The Ferrari 360 Challenge Stradale: a beautiful and epic car!
The Challenge Stradale is a limited production more track day focused car than the 360 Modena, it was inspired by the challenge racing series and can be thought of as a Challenge car for the road. Ferrari engineers designed the car from the outset with 20% track day use in mind and 80% road use. With only a small 20 bhp (15 kW) improvement in engine power from the Modena, but with substantially improved power to weight ratio, the Challenge Stradale accelerates from 0 to 100 km/h (62 mph) in just 4.1 seconds.
In total, the CS is up to 110 kg (243 lb) lighter than the standard Modena if all the lightweight options are specified such as deleted radio, lexan side windows and fabric cloth (instead of the leather option). As much as 94 kilograms (207 lb) was taken off on the bodywork by stripping the interior carpets, lighter weight bumpers, carbon mirrors and the optional Modena carbon seats becoming standard. The engine and transmission weight was slimmed down 11 kg (24 lb) through the use of a smaller, lighter weight sports (yet still stainless steel) exhaust back box and valved exit pipes.
There are a lot of subtle (and some not so subtle) styling differences between the Challenge Stradale and the standard Modena.
- 19″ BBS Challenge Styled Alloys with Titanium wheel bolts
- Large Diameter Carbon Ceramic Brakes
- Carbon-fibre side mirrors
- Updated front and rear bumpers
- Pair of rear bumper diffusers
- Sharper side skirts
- Plexi-glass rear window
- Lower ride height on Titanium springs
- Lighter weight challenge grille (black metal mesh) made from Aluminium
- Challenge Stradale badging on rear grille
- Optional Tri-colour Racing Stripe
- Different exhaust tips to complement the lighter racing exhaust (the optional Modena racing exhaust became standard equipment on Challenge Stradale)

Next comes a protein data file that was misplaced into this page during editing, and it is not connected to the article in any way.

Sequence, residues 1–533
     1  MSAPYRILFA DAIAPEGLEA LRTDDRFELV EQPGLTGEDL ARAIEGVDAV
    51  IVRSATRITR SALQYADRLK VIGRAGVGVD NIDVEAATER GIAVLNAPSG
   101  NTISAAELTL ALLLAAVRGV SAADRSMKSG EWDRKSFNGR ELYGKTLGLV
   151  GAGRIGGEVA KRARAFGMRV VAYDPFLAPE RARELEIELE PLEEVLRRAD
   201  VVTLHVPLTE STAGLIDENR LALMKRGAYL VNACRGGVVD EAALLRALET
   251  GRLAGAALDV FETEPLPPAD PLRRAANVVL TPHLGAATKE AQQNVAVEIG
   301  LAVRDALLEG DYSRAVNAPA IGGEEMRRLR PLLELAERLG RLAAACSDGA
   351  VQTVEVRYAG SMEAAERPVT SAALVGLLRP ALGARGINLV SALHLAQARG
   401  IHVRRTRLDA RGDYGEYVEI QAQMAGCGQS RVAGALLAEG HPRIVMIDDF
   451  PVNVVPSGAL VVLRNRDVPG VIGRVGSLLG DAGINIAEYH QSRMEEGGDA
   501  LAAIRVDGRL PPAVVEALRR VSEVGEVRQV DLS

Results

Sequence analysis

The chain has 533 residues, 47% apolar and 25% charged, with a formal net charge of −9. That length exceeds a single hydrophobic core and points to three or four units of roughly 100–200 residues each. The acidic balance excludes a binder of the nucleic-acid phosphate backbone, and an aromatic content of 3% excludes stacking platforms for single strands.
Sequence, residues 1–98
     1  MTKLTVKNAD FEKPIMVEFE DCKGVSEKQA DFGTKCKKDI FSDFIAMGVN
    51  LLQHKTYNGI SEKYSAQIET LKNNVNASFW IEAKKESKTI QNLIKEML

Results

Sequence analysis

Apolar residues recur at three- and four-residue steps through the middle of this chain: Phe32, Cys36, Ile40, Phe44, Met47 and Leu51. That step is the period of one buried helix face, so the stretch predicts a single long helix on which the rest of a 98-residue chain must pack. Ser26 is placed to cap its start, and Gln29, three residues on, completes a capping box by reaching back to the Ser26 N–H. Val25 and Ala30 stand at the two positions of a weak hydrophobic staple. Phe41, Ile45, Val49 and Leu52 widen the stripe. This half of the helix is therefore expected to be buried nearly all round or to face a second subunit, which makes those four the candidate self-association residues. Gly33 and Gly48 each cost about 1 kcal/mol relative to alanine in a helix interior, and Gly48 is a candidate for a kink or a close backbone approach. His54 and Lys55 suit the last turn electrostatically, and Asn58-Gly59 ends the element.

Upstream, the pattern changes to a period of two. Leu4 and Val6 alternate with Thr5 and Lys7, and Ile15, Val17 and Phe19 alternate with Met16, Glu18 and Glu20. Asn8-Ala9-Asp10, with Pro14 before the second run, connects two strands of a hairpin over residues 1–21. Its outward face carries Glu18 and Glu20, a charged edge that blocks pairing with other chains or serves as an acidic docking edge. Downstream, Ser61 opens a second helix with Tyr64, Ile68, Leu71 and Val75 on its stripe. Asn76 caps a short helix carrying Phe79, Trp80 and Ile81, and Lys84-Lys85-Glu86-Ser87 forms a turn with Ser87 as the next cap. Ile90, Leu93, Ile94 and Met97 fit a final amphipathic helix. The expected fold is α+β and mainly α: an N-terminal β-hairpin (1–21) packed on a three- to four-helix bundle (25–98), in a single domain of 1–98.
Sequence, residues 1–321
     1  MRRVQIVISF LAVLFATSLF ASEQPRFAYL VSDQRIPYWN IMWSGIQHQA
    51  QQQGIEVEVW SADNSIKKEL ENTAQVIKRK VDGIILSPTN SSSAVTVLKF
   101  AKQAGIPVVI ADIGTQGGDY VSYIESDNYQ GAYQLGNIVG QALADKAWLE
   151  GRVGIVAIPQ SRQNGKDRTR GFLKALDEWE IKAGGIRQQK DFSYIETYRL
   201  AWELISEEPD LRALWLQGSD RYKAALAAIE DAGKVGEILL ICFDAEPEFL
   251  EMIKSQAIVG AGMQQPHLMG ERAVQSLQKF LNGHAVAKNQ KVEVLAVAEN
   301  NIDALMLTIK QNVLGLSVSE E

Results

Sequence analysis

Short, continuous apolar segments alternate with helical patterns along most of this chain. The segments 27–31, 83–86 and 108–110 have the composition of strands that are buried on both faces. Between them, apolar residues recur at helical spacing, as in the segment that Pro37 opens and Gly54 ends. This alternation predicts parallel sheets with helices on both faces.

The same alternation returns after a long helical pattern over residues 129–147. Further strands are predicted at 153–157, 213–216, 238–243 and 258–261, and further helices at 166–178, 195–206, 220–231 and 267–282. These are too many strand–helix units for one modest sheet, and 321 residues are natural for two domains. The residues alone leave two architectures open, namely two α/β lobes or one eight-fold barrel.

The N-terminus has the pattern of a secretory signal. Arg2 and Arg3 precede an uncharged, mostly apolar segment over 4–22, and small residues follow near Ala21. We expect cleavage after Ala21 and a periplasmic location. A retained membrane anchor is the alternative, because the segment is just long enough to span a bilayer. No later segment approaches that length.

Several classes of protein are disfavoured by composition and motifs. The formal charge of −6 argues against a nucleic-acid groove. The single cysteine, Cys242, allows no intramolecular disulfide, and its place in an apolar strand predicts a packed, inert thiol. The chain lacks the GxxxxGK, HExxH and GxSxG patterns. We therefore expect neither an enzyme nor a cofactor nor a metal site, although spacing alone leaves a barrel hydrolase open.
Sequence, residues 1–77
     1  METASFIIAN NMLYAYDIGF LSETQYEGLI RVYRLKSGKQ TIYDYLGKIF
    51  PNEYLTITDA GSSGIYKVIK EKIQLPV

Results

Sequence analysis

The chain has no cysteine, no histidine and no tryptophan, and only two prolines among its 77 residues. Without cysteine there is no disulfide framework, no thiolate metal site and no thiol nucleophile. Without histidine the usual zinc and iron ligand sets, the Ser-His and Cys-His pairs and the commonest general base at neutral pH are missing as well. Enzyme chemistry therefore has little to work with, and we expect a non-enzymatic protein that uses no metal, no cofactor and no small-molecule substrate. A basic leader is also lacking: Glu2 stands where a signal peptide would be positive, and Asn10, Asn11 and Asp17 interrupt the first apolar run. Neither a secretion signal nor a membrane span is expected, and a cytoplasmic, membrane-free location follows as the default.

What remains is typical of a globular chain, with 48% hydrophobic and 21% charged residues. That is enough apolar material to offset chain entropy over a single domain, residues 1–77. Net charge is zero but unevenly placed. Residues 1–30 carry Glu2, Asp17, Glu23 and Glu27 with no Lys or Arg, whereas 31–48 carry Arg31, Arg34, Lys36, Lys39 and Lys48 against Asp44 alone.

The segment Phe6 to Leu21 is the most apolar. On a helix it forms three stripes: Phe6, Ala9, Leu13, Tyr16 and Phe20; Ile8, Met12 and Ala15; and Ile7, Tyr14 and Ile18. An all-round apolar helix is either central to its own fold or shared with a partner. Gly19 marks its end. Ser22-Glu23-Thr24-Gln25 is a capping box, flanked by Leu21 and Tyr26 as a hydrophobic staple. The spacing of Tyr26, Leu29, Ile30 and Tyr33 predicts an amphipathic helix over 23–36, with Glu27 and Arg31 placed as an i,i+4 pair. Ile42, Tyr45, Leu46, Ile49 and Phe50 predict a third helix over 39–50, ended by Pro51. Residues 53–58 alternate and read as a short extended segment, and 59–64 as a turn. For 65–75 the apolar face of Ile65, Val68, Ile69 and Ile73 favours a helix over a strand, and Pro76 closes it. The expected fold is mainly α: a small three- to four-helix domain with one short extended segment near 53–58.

The car also had the optional carbon racing seats (available in 3 sizes, small, medium and large) which are noticeable from the outside to complement the interior detailing. These seats are a significant improvement in weight reduction over the standard seats.
- New instrument dials with a yellow rev counter and carbon fibre surround
- Carbon Fibre door panels
- Carbon Centre Console
- Fabric Dashboard with deleted stereo and glovebox
- New styled air ball vents (shared with 430)
- New Steering wheel with optional coloured racing ring
- Removal of carpets and lots of sound deading material (weight reduction)
- Rubber floor mats with optional fire extinguisher
- New stiffer rear anti-rollbar (hollow to make it lighter) and reduce body roll (same one fitted to 430 Scuderia)
- 360 Challenge cars uprated flanbloc’s replace all original rubber suspension bushes including anti-roll bar bushes (uprated) improving alignment on the move
- 20% stiffer uprated (progressively coiled) springs made from Titanium (lighter, lowering unsprung weight) and reducing pitch and roll
- Different suspension alignment and ride heights (rear higher than front to aid downforce)
- Titanium wheel bolts and carbon ceramic brakes (along with overall weight reduction) also contributing significantly to handling improvements (along with aero downforce improvements)
- Re-programmed electronic suspension control software with new ‘race’ mode (stiffer than Modena)
- Specially devised Pirelli Rosso Corsa (soft compound) track biased road tires (wider than Modena)
- Factory corner weighted suspension, additional care taken to corner weight each vehicle before it left the factory to match its exact weight with options fitted.
- Overall length: 4,477 mm (176.3 in)
- Overall width: 1,922 mm (75.7 in)
- Height: 1,199 mm (47.2 in)
- Wheelbase: 2,600 mm (102.4 in)
- Front track: 1,669 mm (65.7 in)
- Rear track: 1,617 mm (63.7 in)
- Dry weight: 1,180 kg (2,601 lb)
- Curb weight: 1,280 kg (2,822 lb)
- Fuel capacity: 95 L (25 US gal; 21 imp gal)
- 0–100 km/h (62 mph): 4.1 s
- Top speed: 300 km/h (190 mph)
- Downforce: about 270 kgf (2.6 kN) @ 300 km/h (without rear wing)
- Lift/drag: about -1.1:1
If you are still not convinced as to why this car deserves to be called epic, see the two video reviews I came across recently:
Review of the Ferrari 360 Challenge Stradale by Vicky Henderson-Butler of 5th Gear.
Review of the Ferrari 360 Challenge Stradale by Jeremy Clarkson of Top Gear.